The Los Angeles Times ran an article today describing the impacts of groundwater pumping on agriculture in California’s Central Valley (link). High rates of groundwater use have caused ground levels to subside by as much as a foot a year, and have also lowered water tables, forcing farmers to pay high prices to pump water from deeper levels. This is using up water from aquifers which has been in place for as much as 20,000 years and which cannot be readily replenished. Experts say that eventually this may force farmers to abandon as much as a million acres due to the lack of readily available water supplies.
What crops are produced in this area? Marshall Shepherd, UGA atmospheric sciences professor, provided this set of maps describing the crops that grow in this region. Some of the biggest increase has been in the production of nuts, which use a lot of water and cannot be fallowed during droughts without destroying the trees. Grist posted an interesting article this morning about how the national demand for almonds and other nuts have changed the face of agriculture in California in recent years.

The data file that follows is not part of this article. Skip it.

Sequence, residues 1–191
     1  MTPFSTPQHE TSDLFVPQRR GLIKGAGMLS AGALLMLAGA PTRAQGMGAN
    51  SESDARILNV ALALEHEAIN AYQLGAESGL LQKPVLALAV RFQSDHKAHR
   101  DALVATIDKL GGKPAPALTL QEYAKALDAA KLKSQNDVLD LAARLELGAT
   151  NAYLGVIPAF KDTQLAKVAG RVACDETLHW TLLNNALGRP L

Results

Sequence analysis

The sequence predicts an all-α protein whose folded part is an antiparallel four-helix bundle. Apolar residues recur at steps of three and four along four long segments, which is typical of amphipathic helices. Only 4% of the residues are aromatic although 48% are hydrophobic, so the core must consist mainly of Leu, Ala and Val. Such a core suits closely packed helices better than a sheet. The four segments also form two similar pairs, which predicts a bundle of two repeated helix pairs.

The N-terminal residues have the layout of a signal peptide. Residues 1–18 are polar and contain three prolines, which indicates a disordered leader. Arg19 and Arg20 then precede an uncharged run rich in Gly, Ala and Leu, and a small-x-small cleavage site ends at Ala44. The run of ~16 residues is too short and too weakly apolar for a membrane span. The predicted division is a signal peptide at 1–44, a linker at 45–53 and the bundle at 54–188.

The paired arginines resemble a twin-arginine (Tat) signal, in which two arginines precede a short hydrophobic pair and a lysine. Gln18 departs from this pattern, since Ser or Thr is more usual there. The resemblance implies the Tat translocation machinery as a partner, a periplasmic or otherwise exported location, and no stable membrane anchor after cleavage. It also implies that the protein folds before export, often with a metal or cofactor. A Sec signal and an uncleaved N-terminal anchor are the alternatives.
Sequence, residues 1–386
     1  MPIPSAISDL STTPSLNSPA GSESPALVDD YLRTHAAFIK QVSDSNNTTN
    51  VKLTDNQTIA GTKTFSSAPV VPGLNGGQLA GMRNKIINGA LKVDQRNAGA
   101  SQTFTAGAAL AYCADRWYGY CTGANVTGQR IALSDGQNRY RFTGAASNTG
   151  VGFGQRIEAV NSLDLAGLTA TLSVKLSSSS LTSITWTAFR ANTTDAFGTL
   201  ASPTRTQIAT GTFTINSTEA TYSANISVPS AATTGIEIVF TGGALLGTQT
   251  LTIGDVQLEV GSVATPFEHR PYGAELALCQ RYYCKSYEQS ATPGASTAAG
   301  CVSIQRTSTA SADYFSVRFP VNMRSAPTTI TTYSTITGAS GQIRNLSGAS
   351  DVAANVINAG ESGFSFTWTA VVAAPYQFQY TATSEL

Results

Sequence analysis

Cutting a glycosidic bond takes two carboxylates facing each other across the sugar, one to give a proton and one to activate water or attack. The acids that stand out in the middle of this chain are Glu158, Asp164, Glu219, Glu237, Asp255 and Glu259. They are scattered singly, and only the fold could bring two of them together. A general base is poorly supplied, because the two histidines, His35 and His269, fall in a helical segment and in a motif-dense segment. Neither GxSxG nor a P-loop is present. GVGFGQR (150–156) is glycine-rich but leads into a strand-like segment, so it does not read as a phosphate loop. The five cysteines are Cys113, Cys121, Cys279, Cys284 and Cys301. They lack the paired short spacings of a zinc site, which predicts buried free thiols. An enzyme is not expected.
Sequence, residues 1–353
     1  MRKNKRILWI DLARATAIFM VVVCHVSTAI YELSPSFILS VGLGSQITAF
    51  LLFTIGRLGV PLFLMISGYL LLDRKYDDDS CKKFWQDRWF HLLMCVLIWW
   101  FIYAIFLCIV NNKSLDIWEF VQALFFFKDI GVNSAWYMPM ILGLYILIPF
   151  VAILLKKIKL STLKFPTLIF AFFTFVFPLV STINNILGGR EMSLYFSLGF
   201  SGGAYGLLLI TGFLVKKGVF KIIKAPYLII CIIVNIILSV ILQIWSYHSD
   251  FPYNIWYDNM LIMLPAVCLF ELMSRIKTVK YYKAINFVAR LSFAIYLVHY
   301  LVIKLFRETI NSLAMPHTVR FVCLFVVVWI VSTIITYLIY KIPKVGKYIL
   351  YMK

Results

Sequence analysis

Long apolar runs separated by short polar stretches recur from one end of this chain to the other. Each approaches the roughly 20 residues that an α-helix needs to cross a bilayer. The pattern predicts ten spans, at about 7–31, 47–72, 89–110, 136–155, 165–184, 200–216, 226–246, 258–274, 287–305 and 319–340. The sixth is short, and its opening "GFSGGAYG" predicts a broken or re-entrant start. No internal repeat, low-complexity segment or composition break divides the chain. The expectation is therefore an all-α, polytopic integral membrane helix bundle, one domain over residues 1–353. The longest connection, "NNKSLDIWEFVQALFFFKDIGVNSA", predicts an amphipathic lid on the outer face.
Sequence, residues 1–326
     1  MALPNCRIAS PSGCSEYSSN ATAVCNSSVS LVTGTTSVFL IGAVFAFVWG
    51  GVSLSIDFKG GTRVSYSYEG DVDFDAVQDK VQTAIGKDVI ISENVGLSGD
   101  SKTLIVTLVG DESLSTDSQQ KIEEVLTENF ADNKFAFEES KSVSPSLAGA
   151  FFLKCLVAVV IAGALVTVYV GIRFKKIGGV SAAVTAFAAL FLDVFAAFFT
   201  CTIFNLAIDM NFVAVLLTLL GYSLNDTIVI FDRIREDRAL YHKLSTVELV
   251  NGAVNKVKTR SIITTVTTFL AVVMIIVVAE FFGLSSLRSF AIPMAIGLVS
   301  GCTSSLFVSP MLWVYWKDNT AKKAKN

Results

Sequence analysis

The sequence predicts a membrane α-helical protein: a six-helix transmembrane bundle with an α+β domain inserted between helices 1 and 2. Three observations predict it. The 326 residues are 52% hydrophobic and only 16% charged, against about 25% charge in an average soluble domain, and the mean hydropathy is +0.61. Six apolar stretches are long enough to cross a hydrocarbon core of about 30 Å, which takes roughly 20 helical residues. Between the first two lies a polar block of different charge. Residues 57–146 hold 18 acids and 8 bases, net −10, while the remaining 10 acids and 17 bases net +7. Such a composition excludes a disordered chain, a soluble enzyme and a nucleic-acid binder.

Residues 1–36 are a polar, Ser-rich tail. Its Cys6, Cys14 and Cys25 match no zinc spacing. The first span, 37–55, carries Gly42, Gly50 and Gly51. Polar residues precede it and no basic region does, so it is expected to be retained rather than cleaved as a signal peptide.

This week California and Washington both announced initiatives to help protect the remaining groundwater. Yahoo News has stories on California’s new regulations and Washington’s declaration of a drought emergency by their governor, due to a snow pack which is only 7 percent of normal.